The RIBA is a building with rich layers of irony.
It is both forward looking and reactionary, a simple modernist cuboid but clad in stone, and it is devoted to architecture but helps destroy one of Europe's finest architectural compositions.
Even the sculpture looks rather old-fashioned - international modernism already had its hands firmly round the throat of the architectural establishment in 1932 when the competition to build it was won by Guy Wornum. Fortunately, the carved figures are of the highest quality.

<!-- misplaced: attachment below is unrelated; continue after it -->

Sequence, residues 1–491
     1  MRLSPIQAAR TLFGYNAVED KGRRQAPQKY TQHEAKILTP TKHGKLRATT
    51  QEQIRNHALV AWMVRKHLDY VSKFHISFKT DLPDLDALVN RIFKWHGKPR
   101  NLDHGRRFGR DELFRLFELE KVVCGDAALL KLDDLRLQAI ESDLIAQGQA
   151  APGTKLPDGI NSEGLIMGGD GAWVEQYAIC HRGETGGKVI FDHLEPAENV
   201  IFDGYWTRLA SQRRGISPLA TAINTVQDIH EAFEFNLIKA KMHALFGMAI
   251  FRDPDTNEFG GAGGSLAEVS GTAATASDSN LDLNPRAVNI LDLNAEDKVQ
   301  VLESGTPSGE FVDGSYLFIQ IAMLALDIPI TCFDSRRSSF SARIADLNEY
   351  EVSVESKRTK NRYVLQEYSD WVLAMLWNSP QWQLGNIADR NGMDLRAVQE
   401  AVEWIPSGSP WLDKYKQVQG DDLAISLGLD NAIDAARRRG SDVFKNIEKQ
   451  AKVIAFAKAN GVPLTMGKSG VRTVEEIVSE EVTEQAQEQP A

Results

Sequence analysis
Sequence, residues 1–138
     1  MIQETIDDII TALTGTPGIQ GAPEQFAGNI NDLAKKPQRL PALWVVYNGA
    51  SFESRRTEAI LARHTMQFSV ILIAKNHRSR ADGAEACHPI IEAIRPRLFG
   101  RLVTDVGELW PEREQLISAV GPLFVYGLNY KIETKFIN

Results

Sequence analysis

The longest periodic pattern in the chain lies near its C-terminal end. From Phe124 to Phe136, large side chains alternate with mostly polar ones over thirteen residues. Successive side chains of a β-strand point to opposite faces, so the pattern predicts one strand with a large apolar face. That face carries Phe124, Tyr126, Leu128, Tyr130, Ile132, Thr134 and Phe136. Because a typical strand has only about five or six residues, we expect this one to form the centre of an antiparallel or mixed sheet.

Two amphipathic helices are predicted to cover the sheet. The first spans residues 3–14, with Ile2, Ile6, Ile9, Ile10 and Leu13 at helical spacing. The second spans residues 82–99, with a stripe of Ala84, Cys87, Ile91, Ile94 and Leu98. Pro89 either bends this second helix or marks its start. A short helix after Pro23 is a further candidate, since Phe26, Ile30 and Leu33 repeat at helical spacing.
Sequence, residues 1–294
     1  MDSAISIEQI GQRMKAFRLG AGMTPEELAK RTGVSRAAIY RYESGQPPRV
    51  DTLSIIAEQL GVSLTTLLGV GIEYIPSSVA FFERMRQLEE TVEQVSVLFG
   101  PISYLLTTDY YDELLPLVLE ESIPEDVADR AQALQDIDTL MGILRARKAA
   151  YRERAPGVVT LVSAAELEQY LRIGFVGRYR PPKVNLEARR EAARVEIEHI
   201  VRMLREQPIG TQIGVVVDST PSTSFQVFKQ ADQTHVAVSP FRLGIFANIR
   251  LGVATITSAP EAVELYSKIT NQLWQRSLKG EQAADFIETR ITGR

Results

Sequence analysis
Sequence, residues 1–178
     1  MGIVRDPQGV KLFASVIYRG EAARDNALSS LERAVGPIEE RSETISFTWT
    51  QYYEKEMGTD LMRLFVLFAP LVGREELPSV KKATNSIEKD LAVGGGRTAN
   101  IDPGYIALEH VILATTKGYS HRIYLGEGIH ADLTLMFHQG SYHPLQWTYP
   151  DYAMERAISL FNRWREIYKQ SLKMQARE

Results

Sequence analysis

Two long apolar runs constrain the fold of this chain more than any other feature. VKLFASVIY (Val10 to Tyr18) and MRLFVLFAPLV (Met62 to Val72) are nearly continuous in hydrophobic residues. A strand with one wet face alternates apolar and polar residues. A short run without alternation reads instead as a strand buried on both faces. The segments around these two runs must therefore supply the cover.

Nottingham-born James Woodford did the man and woman that stand on pylons on either side of the front door with its magnificent bronze doors, also by Woodford. They look admiringly up at the central figure of Architectural Aspiration, of which more later.